Synesthetic Dreams is a generative interpretation of the perceptual condition of synesthesia. Modalities are fused across the series of animations as a whimsical representation of the condition.
produced by: Safiyyah Nawaz
Concept and Background Research
Synesthesia is characterized by an unusual fusing of the senses; a stimulus from one modality, music for example, is associated with an unrelated modality, like sight, leading some synesthetes to be able to effectively “see music”. There are many variations of synesthesia, including:
Seeing colours when listening to music (Chromesthesia)
Associating letters and numbers with particular personality traits or colours (Ordinal Linguistic Personification, Grapheme-Colour Synesthesia)
Feeling sensations when you see somebody else experience them (Mirror-Touch Synesthesia)
Feeling shapes in your hand when tasting food (nameless, but from The Man Who Tasted Shapes)
To me, the existence of this phenomenon emphasizes the subjectivity of reality across individuals. Learning about ways others may see the world (figuratively and in the case of synesthesia, quite literally) creates opportunities to share our realities with each other.
With Synesthetic Dreams, I use the same four colours to represent four modalities of the face (Hearing, Vision, Taste, and Smell) and then use lerping and mapping to create fusion effects. Across scenes, these colours are included in animations as representations of modalities interacting with each other.
Synesthetic Dreams is composed of the following scenes, all coded in C++ using OpenFrameworks and the ofxPiMapper add-on, and projection mapped onto the polygonal face mask, Robert:
Face Outline. Each modality is highlighted by its corresponding colour. As all modalities are present, outlines of the face sporadically and randomly pile across the surface while subtly fusing between colours, adding layers of colour and dimension to the scene.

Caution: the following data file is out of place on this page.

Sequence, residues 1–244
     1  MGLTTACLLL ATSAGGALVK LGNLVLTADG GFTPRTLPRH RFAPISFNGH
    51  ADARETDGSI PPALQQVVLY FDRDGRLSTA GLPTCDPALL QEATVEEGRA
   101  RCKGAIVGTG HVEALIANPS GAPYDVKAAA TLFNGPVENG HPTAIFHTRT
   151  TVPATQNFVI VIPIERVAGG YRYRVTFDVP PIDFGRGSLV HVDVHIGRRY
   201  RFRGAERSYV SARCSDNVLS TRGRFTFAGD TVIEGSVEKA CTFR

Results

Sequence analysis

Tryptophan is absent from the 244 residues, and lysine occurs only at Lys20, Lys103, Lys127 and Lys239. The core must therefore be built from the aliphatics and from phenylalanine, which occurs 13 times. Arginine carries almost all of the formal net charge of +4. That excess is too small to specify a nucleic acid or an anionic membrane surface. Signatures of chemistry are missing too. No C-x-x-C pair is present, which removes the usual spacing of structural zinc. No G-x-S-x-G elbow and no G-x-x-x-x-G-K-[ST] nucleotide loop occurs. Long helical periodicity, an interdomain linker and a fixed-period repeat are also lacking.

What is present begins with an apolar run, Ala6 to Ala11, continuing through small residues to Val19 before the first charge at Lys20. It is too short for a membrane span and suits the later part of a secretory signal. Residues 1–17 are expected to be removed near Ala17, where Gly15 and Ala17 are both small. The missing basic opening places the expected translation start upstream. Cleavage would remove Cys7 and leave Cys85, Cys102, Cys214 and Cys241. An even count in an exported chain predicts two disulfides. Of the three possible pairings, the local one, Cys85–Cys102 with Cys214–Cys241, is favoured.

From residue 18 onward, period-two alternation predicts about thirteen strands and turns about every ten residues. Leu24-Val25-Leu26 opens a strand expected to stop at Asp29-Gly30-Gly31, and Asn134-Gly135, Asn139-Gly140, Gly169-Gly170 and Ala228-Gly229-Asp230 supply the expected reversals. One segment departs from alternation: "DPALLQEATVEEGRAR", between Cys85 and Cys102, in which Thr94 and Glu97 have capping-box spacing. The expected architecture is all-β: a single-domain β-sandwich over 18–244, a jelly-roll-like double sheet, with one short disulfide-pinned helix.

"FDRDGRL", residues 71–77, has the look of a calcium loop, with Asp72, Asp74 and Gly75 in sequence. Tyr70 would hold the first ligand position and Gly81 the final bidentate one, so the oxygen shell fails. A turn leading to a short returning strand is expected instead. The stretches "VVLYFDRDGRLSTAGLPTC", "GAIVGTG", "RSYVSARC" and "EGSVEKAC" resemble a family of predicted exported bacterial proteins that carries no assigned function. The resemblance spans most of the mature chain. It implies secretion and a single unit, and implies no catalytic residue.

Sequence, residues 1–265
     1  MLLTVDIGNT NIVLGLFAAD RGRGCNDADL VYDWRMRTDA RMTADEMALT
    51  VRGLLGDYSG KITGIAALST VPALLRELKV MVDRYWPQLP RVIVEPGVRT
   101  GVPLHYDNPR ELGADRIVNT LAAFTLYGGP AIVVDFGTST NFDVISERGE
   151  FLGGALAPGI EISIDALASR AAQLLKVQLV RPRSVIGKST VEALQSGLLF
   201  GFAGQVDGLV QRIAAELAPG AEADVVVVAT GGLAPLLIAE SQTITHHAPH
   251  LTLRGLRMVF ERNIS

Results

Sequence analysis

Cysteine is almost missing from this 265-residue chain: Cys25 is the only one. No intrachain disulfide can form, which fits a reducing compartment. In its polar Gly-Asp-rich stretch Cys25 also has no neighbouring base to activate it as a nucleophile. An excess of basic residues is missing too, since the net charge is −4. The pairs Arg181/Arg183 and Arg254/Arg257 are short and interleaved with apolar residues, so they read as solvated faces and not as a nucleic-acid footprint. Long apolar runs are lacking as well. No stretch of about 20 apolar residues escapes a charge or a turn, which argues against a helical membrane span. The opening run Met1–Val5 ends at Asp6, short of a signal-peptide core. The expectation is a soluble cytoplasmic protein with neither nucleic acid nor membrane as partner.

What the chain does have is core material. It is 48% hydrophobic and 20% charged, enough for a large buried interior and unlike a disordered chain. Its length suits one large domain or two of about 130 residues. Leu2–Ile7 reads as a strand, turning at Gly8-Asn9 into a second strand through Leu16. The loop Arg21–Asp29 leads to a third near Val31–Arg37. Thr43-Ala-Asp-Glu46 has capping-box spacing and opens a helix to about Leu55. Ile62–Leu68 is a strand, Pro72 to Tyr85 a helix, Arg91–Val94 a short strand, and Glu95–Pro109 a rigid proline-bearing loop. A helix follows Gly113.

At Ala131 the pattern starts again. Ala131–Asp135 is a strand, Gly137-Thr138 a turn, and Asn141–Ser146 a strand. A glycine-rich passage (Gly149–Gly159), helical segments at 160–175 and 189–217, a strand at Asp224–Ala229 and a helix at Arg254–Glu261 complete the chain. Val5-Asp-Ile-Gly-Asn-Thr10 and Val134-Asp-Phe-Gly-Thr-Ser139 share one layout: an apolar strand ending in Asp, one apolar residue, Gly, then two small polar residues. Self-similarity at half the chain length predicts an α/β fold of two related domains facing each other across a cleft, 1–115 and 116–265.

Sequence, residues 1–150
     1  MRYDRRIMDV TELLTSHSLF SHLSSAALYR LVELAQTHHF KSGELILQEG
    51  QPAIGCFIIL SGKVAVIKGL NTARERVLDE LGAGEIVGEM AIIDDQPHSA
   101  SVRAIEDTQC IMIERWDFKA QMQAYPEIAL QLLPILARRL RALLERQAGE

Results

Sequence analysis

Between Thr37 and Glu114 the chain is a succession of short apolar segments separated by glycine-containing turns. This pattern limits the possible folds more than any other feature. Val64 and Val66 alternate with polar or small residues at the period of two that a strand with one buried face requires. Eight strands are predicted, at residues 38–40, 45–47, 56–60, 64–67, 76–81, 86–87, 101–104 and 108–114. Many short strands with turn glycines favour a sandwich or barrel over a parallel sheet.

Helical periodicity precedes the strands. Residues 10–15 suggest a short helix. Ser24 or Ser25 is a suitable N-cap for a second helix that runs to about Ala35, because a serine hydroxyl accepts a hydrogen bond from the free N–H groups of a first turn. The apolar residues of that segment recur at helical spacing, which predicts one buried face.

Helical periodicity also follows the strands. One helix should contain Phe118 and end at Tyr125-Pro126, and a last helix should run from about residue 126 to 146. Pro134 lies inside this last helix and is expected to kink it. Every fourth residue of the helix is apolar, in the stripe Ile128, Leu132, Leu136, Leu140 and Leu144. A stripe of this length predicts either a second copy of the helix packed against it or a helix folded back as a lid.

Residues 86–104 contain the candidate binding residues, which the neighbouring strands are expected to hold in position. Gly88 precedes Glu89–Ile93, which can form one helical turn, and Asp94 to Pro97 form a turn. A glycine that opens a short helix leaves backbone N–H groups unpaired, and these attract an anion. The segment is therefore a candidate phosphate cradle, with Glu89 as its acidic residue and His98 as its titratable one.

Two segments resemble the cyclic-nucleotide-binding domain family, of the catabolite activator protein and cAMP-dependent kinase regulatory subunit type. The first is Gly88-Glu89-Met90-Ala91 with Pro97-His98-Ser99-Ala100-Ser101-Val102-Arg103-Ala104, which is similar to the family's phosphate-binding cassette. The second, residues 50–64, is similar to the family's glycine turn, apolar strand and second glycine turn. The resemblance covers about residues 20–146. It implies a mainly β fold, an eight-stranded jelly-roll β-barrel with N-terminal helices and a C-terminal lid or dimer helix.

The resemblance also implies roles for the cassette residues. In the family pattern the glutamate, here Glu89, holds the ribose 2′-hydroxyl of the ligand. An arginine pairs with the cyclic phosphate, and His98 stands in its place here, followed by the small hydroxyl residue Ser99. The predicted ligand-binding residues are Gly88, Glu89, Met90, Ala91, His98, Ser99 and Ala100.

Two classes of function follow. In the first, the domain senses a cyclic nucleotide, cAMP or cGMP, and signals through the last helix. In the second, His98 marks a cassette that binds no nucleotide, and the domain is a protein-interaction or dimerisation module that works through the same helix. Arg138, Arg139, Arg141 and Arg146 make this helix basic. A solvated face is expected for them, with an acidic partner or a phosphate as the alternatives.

Neon Zoom. Each modality is once again individually highlighted, this time in a spinning and zooming sin-wave animation. Beginning as a slow animation, the spinning quickly picks up pace and eventually leads to a hypnotic strobe of fast-moving colour.
Sensory Fusion. This scene represents the movement towards fusion of two senses. Beginning with two colours, lines flash across the screen, becoming larger and more similar in colour until the moment of fusion is met. Circles in the forehead representing the neurotransmitter serotonin (which is believed to be implicated in synesthesia (Brogaard, 2013)), bounce around until they are released and envelop the whole surface.
Spiral Mind. In this scene, modalities are individually fused in different combinations, representing the range of experience even across synesthetes.
The current work could be expanded to elaborate on current theories of synesthesia, or even demonstrate actual perceptual experience. It could be interesting to use knowledge from neurobiology to convey a narrative of how synesthesia develops or functions on a molecular level. Additionally, as synesthesia is indeed a multi-sensory condition, another portrayal using sound, smell, touch, etc. could more realistically portray the experience of synesthesia.
I am overall satisfied with the way Synesthetic Dreams turned out. I believe that my use of mapping to subtly change colour and shape achieved the desired effect. I could have further pushed myself to use text and image/video within the animations for a little more variety as well. I also would have liked to include more neuroscience theory so that the overall work may have more educational value.
I also believe that projecting on the polygonal face mask was a creative choice and worked well with the concept I chose. Although the surface was very complex, I was able to create a detailed XML file by making a separate app, then using that to map coordinates of the mask from a photo of it. I am pleased that we were able to pull off mapping on a surface that had so many contours, and for the end result to look so cohesive. I do believe that if the mask was larger we may have been able to have an even grander effect.
"bouncingBalls" code from IS71014B Workshops in Creative Coding 1, Week 4 - Repeat, repeat, repeat. Retrieved 2 February 2020, from https://learn.gold.ac.uk/course/view.php?id=12859§ion=4
Brogaard B. (2013). Serotonergic hyperactivity as a potential factor in developmental, acquired and drug-induced synesthesia. Frontiers in human neuroscience, 7, 657. doi:10.3389/fnhum.2013.00657\
Gaia, J. (2014). Urban Conspiracy. On 12th Floor Party. [Audio file]. Retrieved from https://www.epidemicsound.com/artists/jules-gaia
Kirkpatrick, N. (2018). The Many Types Of Synesthesia Explained | Betterhelp. Retrieved 2 February 2020, from https://www.betterhelp.com/advice/synesthesia/the-many-types-of-synesthesia-explained/